Anyone familiar with horses knows about the manure.
But what they may not realize is the big money it costs to have this byproduct of the horse industry carted off and disposed.
An Ocala-based company is hoping to make that manure an asset and put it to work. Planet Green Solutions has designed, developed and is now starting to manufacture a compact gasification system that will extract hydrogen from manure without burning it and, in turn, use that hydrogen to produce electricity.
“The system can utilize many other forms of biomass. This opens up avenues for other light industry applications like sawmills and others who have a cellulose-based waste product,” said Chris Morrison, Planet Green Solutions’ CEO.
The gasification technology is not new, but where it has been implemented, the systems are built on an industrial scale. Morrison’s technology allows for a smaller application, which can be installed on site at farms or businesses.
“The smaller scale makes it economically feasible for larger horse farms,” Morrison said. “With the system, you would eliminate what you pay to have the waste hauled away and possibly eliminate the power bill.”
GoldMark Farm in Ocala was so impressed by the design, they bought one.
It’s the first system sold by Planet Green Solutions and the installation should be completed in less than two months.
“We are very excited about it. Manure removal is a huge expense. If this thing gets up and running like it should, I can imagine it on every farm that has the capability. It makes all the sense in the world,” said Todd Quast, GoldMark farm manager.
Marion County has more than 35,000 horses, which produce tens of thousands of tons of waste a year. It’s not all manure. The waste also includes straw and wood shavings used for bedding. Smaller farms spread the manure on their pastures, but larger operations have no other alternative but to have it hauled away.
“When you haul 140-stalls worth of waste, that cost $200,000 a year. That’s big. Plus, our electricity bill runs about $5,000 a month. This reactor is supposed to produce $6,000 worth of electricity a month. I can’t wait for the check to come back from the electric company. If this works like it’s supposed to, it’s a win-win-win all the way around,” said Quast.
In the past, some have disposed of farm waste in sinkholes or gullies. This has the potential to contaminate the groundwater.
Instead, all of it could be used in the gasification reactor, which feeds electricity back to the utilities company, Morrison said.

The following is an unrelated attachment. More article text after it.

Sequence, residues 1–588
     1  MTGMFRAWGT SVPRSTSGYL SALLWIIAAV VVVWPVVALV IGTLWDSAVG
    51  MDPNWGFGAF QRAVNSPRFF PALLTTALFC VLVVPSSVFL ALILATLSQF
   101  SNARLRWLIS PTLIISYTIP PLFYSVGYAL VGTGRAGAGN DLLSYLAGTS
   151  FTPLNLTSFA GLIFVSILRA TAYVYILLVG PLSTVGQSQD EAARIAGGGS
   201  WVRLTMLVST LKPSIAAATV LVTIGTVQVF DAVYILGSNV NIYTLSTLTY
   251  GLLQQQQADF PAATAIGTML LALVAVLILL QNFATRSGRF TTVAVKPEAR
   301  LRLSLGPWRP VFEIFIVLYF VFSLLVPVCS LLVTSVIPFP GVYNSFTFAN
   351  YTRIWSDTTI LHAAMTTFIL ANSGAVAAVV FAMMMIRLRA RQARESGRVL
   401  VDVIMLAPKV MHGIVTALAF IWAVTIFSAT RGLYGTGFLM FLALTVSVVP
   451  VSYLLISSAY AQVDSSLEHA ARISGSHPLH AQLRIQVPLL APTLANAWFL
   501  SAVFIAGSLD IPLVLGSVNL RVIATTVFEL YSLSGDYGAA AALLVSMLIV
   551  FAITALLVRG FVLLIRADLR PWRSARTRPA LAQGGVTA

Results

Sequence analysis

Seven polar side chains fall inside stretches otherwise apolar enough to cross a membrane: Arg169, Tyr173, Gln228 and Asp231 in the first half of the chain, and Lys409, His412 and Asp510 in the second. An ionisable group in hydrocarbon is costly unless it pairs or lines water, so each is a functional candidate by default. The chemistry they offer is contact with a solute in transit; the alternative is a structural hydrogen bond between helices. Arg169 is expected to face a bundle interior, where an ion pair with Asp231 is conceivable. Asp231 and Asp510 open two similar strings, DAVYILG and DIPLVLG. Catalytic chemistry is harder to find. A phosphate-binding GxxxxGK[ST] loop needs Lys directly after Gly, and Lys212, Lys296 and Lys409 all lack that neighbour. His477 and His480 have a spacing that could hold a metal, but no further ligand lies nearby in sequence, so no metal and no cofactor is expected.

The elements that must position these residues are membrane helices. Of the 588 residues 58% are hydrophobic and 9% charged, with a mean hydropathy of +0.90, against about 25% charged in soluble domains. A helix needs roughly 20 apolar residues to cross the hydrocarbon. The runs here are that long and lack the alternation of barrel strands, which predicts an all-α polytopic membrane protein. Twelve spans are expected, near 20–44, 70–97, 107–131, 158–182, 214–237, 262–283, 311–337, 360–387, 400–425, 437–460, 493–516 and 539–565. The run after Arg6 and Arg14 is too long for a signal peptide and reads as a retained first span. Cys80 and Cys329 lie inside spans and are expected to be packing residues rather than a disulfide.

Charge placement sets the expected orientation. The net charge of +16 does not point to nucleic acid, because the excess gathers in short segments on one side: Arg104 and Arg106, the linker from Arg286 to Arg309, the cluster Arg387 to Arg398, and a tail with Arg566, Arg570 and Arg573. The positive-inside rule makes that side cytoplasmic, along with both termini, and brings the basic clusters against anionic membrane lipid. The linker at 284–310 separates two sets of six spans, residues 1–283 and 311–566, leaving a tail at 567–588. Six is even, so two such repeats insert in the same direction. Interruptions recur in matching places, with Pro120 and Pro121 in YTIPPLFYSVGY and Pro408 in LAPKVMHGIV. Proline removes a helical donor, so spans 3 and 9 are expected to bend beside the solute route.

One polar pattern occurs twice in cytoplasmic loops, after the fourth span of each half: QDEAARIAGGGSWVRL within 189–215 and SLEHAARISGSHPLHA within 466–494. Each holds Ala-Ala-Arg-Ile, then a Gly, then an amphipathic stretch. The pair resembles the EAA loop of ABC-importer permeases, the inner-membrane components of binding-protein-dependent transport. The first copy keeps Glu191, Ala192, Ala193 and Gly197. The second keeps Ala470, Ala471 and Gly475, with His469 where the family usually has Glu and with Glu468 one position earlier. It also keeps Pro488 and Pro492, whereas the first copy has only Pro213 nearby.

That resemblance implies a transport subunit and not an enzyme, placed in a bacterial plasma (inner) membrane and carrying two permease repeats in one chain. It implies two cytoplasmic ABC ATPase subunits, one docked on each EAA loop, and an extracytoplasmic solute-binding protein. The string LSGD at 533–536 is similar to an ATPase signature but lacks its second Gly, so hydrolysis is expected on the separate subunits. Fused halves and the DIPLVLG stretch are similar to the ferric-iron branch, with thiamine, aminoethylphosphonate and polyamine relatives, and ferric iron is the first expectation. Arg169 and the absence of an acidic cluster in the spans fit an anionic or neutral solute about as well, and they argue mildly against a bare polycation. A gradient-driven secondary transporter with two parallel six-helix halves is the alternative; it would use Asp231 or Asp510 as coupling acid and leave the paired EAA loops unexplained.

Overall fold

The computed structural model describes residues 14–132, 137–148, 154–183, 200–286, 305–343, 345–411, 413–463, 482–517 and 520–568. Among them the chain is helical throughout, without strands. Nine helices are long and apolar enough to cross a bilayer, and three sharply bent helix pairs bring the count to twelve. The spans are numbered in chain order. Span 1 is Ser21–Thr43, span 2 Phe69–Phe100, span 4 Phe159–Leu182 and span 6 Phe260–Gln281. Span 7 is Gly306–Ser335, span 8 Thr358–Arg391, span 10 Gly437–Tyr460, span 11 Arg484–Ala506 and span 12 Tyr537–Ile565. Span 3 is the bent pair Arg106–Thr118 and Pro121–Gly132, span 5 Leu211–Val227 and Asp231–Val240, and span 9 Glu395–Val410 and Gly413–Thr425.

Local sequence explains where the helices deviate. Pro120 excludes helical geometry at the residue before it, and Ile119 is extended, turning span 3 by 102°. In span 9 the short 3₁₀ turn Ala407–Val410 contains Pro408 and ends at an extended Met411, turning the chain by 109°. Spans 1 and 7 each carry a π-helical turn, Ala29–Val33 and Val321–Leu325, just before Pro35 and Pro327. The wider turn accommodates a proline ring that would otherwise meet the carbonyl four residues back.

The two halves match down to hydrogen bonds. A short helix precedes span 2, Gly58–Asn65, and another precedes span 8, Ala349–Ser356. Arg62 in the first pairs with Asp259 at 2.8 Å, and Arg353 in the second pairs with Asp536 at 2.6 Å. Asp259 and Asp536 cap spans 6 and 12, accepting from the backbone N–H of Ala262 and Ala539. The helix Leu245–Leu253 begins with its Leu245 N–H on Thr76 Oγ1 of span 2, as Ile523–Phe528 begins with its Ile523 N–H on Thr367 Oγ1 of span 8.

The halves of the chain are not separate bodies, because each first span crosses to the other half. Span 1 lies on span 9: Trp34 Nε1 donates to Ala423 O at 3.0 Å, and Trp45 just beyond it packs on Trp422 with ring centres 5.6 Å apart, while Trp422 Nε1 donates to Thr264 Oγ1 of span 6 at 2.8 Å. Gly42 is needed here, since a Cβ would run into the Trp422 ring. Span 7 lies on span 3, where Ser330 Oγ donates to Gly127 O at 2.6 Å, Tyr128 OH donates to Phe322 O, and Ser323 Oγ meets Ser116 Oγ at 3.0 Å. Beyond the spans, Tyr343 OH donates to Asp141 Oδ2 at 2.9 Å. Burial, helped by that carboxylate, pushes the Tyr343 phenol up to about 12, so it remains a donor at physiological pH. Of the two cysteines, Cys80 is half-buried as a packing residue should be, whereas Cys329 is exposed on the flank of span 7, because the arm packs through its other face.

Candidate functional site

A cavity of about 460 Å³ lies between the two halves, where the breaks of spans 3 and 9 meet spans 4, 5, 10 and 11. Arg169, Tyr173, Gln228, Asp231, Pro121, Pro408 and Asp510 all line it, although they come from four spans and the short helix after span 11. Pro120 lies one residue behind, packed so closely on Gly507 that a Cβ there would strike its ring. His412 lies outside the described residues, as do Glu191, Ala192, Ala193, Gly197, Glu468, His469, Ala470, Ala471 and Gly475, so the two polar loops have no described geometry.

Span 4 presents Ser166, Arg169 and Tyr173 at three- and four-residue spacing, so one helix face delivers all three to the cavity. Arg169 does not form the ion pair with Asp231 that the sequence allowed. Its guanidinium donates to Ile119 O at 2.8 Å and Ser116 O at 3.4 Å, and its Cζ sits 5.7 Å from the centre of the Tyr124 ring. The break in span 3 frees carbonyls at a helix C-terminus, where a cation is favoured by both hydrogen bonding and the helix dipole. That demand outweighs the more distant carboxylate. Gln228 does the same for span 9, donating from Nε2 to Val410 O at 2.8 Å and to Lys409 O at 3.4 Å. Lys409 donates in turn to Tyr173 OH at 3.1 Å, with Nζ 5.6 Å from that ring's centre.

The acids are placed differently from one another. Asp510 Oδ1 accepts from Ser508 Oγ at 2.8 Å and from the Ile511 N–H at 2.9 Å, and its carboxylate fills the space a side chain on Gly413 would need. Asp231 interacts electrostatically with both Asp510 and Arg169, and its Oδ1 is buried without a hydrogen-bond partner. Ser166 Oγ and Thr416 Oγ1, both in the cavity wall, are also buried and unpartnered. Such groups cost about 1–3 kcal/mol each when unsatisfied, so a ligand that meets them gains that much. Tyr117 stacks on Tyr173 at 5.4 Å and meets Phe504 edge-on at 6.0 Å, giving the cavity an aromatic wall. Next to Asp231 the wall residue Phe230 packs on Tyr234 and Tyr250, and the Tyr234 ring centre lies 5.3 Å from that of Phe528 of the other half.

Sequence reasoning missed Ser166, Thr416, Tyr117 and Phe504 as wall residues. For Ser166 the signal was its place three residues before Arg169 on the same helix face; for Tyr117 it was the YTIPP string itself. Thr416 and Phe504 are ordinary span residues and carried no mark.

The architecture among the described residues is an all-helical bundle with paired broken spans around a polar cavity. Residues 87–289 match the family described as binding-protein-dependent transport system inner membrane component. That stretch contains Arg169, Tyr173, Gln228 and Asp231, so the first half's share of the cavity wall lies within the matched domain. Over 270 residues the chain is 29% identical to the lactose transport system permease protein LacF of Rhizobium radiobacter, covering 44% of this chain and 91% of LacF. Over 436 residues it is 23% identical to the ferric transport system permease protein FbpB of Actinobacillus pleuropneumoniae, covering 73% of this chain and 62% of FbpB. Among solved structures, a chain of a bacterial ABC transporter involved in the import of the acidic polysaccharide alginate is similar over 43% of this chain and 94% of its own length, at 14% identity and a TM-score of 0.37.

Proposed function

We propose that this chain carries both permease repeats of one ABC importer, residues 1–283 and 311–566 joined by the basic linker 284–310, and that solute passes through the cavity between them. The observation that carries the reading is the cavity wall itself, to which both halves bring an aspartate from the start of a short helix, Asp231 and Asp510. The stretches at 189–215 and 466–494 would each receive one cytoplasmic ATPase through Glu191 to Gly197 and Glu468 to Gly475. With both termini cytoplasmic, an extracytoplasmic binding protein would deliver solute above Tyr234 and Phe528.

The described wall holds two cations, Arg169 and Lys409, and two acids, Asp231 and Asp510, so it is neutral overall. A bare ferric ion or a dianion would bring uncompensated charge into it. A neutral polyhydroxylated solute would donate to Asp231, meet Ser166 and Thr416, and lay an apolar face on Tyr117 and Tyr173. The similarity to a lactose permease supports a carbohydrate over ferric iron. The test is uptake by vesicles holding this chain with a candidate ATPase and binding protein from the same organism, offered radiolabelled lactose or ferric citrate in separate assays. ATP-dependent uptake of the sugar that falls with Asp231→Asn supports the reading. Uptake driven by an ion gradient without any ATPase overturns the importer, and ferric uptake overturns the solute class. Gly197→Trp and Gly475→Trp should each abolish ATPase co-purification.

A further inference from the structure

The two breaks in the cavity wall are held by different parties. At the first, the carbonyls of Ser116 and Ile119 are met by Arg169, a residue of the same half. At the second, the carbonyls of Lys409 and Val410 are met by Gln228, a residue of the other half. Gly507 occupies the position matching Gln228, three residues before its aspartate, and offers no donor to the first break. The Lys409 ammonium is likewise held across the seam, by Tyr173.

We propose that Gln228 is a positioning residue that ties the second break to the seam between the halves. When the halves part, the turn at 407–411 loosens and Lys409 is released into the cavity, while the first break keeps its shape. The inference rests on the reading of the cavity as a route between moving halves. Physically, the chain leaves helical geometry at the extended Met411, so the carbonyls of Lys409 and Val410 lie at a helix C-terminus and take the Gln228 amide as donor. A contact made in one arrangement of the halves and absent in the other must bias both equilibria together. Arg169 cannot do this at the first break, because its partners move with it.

It’s not the first time GoldMark has embraced new technology. It was one of the first thoroughbred farms in the nation to install a synthetic surface on their training track. They also were among the first to install rubberized mats in their stalls, which reduces the amount of bedding needed and are more comfortable for the horse.
“We always have tried to be state-of-the-art and cutting-edge. We are always looking for ideas that are good for the horse, farm and the environment,” Quast said.
One of the biggest selling points of the system for Quast was the ease of use.
“The simplicity of it is great. There are really not a lot of moving parts,” Quast said. “It’s not an elaborate maze of parts and should be fairly simple to run. Basically, you just load the waste right into the hopper. We’re taking a chance, but it all makes total sense.”
Gasification involves applying high heat and oxygen to biomass waste material. There is no burning in the process and very little emissions. In other applications, the fuel extracted by the process can be liquefied and used as synthetic gasoline and other types of synthetic fuels, Morrison said.
The resulting ash could be used for fertilizer or other applications.
“I think the market has a tremendous potential. We can’t even see how wide the potential is right now,” he said. “Tree limbs, waste paper, municipal solid waste, water treatment sludge, even peanut shells. It can all be used in this process.”
Morrison focused on horse farms for the system, but he has also had interest from theme parks and other businesses that produce large amounts of paper waste at concessions.
“Every time I see it run and it’s producing carbon-neutral energy I think, ‘Why didn’t we do this 30 years ago.'” he said. “The response has been overwhelming.”
In addition to Morrison’s on-site system, the Florida Thoroughbred Breeders’ and Owners’ Association announced in 2008 that it was partnering with MaxWest Environmental Systems to build a gasification plant in Ocala.
Last year, the project received a $2.5 million state grant to help in the effort. MaxWest, a Houston based company, has said the proposed plant could handle 100,000 tons of waste a year and produce up to 10.5 megawatts of electricity.
Company officials were looking at county-owned land near the Martel Landfill on State Road 40 and Southwest 60th Avenue to build the plant. Initial plans called for the plant to open in 2011. It would cost an estimated $25 million. FTBOA officials wouldn’t comment for this report.
MaxWest also operates a gasification system in Sanford as well as several others in the U.S. and Canada.
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